Santa Monica may have a new mayor when City Council meets Tuesday for its first meeting of 2021.

Councilmember Sue Himmelrich was selected by a 5 – 2 vote margin to serve as Mayor for two years during a Dec. 8 City Council meeting. But residents have since voiced concerns of potential Brown Act violations, so council will redo a vote on Tuesday, Jan. 12 after public comment.

Multiple rounds of voting were necessary before Council broke with the previous precedent of year-long mayoral terms and selected Himmelrich as mayor and Councilmember Kristin McCowan as Mayor Pro Tempore for a two-year term as well.

Prior to any discussion or voting for the selection of the Mayor and Mayor Pro Tem positions, McCowan stated on the public record that, out of concern that she may inadvertently have violated the Brown Act, she had called the Interim City Attorney George Cardona and informed him of certain conversations that she had with other councilmembers regarding the election of a Mayor and Mayor Pro Tem.

“She was concerned that she might have violated the Brown Act. She continued that, in accordance with the Interim City Attorney’s advice, she would disclose these conversations on the record, in advance of the Council’s discussion and vote,” Cardona said in an email addressed to Olga Zurawska, a resident who submitted a formal demand to cure or correct what she alleges is a violation of the Brown Act.

Because McCowan disclosed the information she had discussed with three other councilmembers on the record at the Dec. 8, 2020 council meeting, Cardona states in the letter, that disclosure resulted in both the public and all councilmembers being aware of the information she had discussed prior to any proceedings to select the Mayor and Mayor Pro Tem. “All councilmembers, therefore, could take the disclosed discussions into account when acting to nominate and vote for the Mayor and Mayor Pro Tem, and had the ability, if they so chose, to raise these discussions as a basis for supporting or opposing any particular candidate for Mayor or Mayor Pro Tem.”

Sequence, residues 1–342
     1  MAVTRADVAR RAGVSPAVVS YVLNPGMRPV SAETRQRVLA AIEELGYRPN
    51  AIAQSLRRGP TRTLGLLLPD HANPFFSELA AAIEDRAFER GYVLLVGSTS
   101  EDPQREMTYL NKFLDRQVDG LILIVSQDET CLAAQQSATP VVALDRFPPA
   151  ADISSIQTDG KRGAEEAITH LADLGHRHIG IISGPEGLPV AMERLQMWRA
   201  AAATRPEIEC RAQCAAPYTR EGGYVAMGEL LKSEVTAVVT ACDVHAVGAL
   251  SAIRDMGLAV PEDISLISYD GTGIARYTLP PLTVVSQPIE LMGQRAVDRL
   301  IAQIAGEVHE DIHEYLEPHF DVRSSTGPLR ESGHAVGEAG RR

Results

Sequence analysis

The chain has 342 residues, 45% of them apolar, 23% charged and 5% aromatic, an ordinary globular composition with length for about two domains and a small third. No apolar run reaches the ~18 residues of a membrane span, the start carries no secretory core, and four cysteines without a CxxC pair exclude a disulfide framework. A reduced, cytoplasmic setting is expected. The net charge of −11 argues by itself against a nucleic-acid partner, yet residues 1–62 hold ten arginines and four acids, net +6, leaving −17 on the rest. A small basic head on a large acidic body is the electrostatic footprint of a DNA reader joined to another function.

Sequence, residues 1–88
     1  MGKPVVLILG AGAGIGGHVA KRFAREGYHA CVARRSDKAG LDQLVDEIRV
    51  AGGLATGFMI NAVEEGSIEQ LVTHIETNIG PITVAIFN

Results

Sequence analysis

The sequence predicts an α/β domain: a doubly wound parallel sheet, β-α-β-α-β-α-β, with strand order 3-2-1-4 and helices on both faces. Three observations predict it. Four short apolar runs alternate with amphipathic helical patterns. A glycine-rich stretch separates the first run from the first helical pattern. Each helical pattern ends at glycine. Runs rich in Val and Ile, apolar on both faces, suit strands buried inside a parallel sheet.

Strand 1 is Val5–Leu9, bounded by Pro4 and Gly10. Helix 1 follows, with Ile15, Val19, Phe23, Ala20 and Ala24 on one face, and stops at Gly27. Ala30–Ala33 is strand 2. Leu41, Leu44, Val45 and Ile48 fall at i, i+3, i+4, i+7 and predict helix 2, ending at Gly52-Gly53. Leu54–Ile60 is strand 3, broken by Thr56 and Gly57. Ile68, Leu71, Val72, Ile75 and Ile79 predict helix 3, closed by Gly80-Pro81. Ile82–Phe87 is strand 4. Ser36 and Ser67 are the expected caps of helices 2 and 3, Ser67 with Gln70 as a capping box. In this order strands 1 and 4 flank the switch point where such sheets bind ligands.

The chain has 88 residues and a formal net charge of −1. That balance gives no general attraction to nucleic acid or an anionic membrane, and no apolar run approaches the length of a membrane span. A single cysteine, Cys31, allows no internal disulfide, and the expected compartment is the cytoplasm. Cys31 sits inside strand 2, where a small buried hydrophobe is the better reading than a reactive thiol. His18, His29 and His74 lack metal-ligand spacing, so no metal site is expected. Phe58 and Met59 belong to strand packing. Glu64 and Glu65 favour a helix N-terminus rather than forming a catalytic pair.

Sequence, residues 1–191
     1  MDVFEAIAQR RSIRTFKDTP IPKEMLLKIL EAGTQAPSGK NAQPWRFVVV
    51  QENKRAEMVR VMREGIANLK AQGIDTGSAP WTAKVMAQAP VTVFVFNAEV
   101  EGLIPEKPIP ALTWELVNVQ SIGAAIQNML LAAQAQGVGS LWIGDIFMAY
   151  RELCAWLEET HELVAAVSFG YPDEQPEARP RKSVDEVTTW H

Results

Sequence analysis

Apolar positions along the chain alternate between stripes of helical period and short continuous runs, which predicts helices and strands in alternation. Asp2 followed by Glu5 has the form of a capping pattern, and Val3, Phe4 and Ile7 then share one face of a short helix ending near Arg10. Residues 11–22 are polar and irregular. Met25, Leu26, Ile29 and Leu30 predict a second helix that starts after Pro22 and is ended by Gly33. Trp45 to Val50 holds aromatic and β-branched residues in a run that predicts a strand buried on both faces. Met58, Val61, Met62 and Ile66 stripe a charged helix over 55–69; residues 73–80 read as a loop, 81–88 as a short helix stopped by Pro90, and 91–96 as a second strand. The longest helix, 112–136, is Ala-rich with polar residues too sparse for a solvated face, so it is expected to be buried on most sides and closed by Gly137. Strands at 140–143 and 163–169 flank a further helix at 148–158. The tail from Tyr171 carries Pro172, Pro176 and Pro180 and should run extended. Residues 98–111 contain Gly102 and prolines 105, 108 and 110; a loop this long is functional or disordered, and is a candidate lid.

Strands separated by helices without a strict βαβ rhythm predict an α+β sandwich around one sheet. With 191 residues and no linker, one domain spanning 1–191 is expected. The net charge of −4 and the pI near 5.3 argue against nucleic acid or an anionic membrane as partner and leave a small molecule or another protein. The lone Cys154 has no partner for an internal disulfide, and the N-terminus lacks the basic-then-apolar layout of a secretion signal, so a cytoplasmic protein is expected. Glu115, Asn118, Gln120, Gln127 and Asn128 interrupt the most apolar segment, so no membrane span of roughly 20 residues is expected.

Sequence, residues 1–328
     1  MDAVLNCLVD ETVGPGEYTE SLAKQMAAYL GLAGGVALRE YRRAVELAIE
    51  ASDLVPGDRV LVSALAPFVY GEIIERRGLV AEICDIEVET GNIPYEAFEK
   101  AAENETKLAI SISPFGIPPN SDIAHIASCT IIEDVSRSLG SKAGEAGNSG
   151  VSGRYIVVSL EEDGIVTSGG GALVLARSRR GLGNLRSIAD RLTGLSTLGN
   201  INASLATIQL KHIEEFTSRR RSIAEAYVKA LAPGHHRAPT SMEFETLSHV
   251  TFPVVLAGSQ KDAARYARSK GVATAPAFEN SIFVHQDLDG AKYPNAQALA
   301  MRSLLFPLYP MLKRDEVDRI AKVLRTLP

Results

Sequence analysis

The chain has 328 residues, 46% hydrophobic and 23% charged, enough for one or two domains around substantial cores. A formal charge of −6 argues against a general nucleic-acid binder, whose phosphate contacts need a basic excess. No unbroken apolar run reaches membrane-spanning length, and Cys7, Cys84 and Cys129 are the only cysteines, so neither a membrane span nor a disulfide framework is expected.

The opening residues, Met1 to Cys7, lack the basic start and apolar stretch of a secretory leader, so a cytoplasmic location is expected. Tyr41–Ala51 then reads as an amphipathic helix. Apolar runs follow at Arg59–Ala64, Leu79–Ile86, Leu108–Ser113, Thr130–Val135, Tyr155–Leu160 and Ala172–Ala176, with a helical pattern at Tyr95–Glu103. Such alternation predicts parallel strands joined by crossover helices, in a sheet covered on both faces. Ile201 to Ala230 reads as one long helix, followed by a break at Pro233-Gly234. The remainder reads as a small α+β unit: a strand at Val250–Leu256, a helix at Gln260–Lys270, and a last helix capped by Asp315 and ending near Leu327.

As a result, city staff believes the selection of the Mayor and Mayor Pro Tem at the open and public Dec. 8, 2020 meeting occurred in substantial compliance with the Brown Act, and that there is, therefore, no basis to nullify the selection of the Mayor or Mayor Pro Tem, Cardona added in the letter that’s available online. “Nevertheless, in the interests of providing still further assurance that the selection of the Mayor and Mayor Pro Tem has occurred at an open and public meeting, the City will conduct a reselection of the Mayor and Mayor Pro Tem at the January 12, 2021 council meeting. This will address any concern that either the public or the other councilmembers did not have sufficient time to respond to the disclosures made by Councilmember McCowan at the December 8, 2020 meeting.”

A number of public comments received from the public in the time since have suggested that Councilmember McCowan should be precluded from participation to ensure that there is a punishment for her engaging in the discussions alleged to have resulted in a serial meeting in violation of the Brown Act, Cardona noted. “Councilmember McCowan, however, promptly and voluntarily disclosed the discussions once she realized that they might have violated the Brown Act. Such voluntary disclosure is something that should be encouraged to provide public transparency and further the goals of the Brown Act. There may be instances where punishment remains appropriate despite such a voluntary disclosure, but this does not appear to be such a case.”